Miami Marlins' Adam Greenberg heads to the dugout during practice...

Miami Marlins' Adam Greenberg heads to the dugout during practice before a game against the Mets in Miami. (Oct. 2, 2012) Credit: AP

Adam Greenberg has been an inspiration to countless baseball fans, even though his major- league career lasted only two plate appearances.

Greenberg suffered a concussion when he was hit by a pitch in his big-league debut with the Chicago Cubs in 2005, but after seven years in minor and independent league baseball, he returned to the majors in 2012.

"It was one heck of a ride," said Greenberg, 33, who will be inducted into the National Jewish Sports Hall of Fame in Commack on Sunday. "It was certainly filled with highs and lows, but looking back, it was just a tremendous experience and opportunity for me to fulfill a dream."

The aftermath of the injury "was a challenging time, to say the least," the Connecticut native said. "I had about 21/2 years with positional vertigo. I had severe vision issues -- my convergence and divergence was actually off."

After being released by the Cubs in 2006, Greenberg moved between a number of major- league farm clubs before landing in independent league baseball in 2009. A string of additional injuries made things even more difficult.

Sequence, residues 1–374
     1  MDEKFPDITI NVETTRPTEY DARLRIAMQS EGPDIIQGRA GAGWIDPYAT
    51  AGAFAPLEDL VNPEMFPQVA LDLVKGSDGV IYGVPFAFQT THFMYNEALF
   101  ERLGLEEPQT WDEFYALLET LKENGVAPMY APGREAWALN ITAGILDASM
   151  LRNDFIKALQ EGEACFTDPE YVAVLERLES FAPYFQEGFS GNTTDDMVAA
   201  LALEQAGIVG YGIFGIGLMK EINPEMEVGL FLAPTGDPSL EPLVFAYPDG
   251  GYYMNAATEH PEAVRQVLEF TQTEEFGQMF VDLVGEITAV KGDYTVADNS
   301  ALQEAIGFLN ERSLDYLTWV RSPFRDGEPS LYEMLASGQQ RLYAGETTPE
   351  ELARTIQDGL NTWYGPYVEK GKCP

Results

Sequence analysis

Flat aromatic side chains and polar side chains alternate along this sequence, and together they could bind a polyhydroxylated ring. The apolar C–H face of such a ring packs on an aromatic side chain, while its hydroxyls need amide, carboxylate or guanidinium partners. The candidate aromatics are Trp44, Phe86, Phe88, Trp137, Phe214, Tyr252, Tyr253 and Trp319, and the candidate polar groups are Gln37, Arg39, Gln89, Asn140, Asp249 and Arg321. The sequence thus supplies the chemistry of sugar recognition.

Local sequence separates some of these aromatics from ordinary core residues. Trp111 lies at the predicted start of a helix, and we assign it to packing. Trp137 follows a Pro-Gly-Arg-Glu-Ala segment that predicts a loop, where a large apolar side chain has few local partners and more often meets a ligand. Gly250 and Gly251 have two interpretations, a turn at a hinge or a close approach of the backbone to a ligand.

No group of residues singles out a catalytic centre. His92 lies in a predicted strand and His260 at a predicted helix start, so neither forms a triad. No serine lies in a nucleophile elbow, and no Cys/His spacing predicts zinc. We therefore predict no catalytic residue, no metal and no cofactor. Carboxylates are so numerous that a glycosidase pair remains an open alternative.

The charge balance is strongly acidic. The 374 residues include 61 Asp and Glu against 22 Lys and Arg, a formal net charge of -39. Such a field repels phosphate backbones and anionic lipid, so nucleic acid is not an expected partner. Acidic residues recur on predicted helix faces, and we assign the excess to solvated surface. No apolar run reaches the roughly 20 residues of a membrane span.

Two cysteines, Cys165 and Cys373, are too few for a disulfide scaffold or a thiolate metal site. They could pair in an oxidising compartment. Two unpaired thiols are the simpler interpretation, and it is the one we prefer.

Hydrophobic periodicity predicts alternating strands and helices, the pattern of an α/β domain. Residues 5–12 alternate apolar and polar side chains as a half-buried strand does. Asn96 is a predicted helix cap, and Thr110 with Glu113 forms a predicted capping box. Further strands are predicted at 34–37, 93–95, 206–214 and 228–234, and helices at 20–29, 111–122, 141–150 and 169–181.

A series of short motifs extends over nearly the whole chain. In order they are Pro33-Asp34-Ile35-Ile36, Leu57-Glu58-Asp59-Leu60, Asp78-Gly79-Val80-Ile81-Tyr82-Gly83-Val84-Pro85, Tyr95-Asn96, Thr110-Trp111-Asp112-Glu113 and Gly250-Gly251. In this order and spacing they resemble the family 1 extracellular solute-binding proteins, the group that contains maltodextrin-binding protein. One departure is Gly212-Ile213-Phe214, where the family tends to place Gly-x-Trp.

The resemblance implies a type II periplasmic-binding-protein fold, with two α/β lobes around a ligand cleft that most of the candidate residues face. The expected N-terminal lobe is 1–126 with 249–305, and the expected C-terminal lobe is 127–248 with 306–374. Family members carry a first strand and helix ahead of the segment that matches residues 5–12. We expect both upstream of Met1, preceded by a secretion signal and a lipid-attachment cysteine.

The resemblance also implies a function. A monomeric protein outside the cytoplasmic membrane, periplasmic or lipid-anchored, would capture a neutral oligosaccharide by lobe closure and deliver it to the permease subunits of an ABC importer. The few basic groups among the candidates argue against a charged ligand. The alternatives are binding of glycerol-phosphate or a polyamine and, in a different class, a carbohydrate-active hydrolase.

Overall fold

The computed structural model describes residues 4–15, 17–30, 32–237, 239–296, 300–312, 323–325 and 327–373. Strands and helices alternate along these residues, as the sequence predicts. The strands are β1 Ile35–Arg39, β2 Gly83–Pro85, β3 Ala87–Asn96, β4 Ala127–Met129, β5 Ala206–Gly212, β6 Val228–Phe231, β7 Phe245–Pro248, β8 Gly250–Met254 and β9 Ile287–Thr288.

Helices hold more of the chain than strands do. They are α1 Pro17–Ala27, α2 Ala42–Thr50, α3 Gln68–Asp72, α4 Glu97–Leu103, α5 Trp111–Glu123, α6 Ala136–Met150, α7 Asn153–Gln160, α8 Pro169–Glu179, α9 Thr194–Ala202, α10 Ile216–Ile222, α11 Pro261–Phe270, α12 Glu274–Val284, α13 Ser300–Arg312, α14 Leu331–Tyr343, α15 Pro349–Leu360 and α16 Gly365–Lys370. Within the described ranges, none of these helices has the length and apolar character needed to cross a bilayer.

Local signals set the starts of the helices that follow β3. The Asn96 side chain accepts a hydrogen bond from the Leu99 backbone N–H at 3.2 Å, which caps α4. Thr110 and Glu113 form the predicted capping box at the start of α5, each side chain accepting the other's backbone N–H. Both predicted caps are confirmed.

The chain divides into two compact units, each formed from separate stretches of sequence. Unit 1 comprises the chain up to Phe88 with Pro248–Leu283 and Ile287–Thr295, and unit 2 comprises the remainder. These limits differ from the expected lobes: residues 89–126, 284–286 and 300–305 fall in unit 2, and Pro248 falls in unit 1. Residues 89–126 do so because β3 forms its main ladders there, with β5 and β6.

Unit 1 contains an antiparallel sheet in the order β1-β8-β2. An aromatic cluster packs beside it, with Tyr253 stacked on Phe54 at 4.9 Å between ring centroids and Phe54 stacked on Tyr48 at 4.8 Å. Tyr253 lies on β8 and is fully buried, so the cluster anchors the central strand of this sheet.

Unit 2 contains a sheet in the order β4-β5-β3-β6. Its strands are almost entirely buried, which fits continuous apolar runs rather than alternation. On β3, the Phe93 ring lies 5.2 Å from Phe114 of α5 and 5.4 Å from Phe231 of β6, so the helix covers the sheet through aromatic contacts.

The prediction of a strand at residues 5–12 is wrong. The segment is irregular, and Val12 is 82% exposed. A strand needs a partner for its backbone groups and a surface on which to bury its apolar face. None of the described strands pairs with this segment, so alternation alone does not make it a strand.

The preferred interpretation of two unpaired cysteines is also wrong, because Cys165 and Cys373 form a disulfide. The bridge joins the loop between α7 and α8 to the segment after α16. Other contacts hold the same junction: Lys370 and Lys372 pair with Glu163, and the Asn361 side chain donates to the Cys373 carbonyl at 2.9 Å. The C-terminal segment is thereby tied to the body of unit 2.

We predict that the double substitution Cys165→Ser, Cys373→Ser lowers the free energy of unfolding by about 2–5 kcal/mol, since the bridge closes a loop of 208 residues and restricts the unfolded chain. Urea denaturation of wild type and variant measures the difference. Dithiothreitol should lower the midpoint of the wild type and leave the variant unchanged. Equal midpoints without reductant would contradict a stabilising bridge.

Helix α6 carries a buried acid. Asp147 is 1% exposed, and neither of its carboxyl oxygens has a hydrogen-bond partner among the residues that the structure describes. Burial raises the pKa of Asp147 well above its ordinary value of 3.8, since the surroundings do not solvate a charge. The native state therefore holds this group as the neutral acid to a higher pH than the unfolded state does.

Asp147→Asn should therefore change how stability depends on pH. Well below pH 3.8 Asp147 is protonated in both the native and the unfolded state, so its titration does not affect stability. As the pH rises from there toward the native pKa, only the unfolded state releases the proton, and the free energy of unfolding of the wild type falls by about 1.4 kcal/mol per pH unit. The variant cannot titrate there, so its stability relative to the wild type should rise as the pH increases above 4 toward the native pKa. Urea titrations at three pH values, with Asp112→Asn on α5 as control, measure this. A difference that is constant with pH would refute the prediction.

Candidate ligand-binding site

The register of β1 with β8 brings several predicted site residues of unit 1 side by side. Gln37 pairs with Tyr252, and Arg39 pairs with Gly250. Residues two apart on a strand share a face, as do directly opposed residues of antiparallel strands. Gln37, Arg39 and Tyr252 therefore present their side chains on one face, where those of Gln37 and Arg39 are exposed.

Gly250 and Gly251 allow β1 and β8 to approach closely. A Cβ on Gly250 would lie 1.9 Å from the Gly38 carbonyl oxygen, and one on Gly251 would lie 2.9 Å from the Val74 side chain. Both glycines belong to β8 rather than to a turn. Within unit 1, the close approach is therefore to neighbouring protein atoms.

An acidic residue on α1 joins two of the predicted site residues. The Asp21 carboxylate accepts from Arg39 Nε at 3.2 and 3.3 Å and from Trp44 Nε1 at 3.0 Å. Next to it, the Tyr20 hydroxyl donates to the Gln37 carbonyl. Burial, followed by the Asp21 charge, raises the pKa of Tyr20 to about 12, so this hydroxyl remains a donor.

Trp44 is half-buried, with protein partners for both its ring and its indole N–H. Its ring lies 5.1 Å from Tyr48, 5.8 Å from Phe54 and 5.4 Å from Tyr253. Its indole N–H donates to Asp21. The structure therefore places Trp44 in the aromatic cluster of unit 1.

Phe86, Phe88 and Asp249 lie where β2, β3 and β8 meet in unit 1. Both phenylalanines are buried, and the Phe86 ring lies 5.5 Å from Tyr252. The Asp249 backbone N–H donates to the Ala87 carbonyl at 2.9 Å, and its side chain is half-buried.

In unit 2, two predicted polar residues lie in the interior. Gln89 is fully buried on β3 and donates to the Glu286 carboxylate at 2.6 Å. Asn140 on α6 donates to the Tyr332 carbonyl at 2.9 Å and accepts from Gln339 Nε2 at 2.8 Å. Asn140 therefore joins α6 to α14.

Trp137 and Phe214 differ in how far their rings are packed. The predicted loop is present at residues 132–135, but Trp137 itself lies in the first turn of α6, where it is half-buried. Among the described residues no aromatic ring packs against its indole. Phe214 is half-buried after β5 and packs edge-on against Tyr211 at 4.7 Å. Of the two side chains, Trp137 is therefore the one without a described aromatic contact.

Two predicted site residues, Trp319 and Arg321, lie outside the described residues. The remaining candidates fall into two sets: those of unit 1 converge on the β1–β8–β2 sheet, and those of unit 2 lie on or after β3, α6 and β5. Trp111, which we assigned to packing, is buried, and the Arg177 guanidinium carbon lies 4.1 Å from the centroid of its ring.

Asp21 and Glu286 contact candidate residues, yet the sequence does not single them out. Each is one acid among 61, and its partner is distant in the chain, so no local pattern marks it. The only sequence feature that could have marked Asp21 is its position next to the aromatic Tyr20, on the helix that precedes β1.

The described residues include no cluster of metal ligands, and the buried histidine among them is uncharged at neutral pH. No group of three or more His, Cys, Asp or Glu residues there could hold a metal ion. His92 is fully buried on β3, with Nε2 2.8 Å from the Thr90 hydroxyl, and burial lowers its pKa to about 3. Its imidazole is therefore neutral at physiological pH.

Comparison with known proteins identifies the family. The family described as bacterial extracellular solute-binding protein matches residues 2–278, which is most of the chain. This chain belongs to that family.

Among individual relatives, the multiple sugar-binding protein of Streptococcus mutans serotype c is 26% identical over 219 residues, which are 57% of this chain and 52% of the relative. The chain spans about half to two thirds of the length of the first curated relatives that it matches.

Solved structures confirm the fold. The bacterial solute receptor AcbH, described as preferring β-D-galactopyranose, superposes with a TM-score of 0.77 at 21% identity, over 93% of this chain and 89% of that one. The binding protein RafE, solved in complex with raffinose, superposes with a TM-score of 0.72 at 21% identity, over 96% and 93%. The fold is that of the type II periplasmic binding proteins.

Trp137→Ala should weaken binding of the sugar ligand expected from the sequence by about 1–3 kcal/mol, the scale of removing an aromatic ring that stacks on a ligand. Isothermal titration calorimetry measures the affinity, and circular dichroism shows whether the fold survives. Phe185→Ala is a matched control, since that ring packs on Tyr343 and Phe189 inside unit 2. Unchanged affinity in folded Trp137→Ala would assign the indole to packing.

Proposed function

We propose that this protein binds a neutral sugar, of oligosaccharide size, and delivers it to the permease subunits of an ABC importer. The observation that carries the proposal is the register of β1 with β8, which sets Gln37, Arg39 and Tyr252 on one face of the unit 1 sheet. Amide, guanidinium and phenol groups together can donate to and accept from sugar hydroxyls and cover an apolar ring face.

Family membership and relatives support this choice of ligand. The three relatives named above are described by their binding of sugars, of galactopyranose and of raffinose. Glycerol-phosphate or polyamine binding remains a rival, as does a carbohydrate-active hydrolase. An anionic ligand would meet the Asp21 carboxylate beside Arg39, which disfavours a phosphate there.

In 2012, a petition started by Cubs fan Matt Liston to get Greenberg one final major- league plate appearance succeeded, and Greenberg signed a one-day contract with the Miami Marlins.

"He's a great example to young people to follow your dreams no matter what," Liston said.

"I couldn't have been more excited," Greenberg said of his pinch-hit appearance that October. "I was determined to enjoy every second of it. I remember stepping into the batter's box, digging in and then backing out. I didn't back out because I wasn't ready. I backed out because I wanted to soak in what was going on."

The fact that Mets pitcher R.A. Dickey struck out Greenberg was immaterial. His journey was complete.

"So while I didn't get 10 years in the big leagues," said Greenberg, who has officially retired from baseball, "hopefully my story and what I overcame is able to impact more lives than if I were to just have gotten those 10 years in."

The other inductees are tennis player Angela Buxton, basketball players Barry Kramer, Don Goldstein and Jay Berger, agent Joel Segal and bowler Mark Roth.

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